While those long lake days conjure up images of bathing suits, sunscreen, fishing and water skis, we can’t forget that a lovely lake day could quickly turn dangerous when safety isn’t top of mind. Keep your loved ones safe on the water by learning and following these important boating and water sports rules.
While every state’s watercraft lighting rules may vary slightly, all states require watercraft (including boats, kayaks, canoes, etc.) to comply with certain lighting rules after dark. These lighting rules are generally in effect from dawn until dusk, and during periods of restricted visibility such as during fog or rain. Lighting requirements depend on the length of the watercraft but, generally speaking, powerboats are required to have sidelights, a masthead light and a stern light. Sailboats must have a sidelight and a stern light, and rowed or paddled boats must have a white light that can be displayed to avoid collision. Before heading out on the water, check the lighting requirements in your state.
When many people think of drowning, they imagine the person in distress thrashing and flailing around in the water. In reality, drowning usually happens fast and silently. Signs of a person actively drowning include silence (children who are hyperventilating won’t be screaming for help), a head that is tilted back towards the sky as it searches for air, and arms that are moving downward as the drowning person attempts to push their bodies upwards on something solid that is not there. Distressed swimmers may be clinging to the side of a pool or raft, or treading or bobbing in the water.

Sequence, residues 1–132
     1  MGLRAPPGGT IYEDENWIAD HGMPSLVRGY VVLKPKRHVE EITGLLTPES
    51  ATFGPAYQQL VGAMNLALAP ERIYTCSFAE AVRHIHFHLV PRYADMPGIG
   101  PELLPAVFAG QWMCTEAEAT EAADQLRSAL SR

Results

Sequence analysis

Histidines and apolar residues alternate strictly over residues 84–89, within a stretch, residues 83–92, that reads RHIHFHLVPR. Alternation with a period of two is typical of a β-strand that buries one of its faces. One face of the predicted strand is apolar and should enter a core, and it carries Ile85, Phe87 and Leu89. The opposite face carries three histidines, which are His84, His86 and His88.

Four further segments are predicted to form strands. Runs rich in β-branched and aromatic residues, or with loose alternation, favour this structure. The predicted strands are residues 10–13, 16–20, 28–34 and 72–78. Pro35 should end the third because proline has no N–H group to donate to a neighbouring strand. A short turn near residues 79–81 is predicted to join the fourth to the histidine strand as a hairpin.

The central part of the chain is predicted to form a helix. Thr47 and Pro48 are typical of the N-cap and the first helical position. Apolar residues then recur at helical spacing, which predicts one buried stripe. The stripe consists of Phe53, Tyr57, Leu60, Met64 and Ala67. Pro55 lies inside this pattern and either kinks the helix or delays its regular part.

When operating a boat, navigational hazards are not always what you expect them to be. While boating, stay on the lookout for, and give a wide berth to, piers, floating and shoreline docks, swim platforms, fixed platforms, boat lifts, mooring buoys, research related devices that may be floating in the water, regulatory markers and utility or irrigation piping. Doing so can help prevent a collision.
On a hot summer day it’s possible to lose up to a liter of water an hour through sweating and evaporation. Dehydration can lead to symptoms such as headaches, leg cramps and dizziness, and severe dehydration can be serious and lead to unconsciousness. While enjoying your time on the water, don’t forget to hydrate, even if you don’t feel thirsty. It’s also necessary to protect yourself from the sun by wearing sunscreen, sunglasses and a wide brimmed hat, and by taking breaks in the shade.
Before operating a boat you must make sure that you are complying with all insurance requirements, whether you own the boat or are just renting it for the day. Generally speaking, boats and personal watercrafts are required to carry either owner’s or operator’s liability insurance, with some exemptions depending on the type and size of the watercraft. Insurance requirements vary state by state, so check the local rules before hitting the water to avoid any potential fines.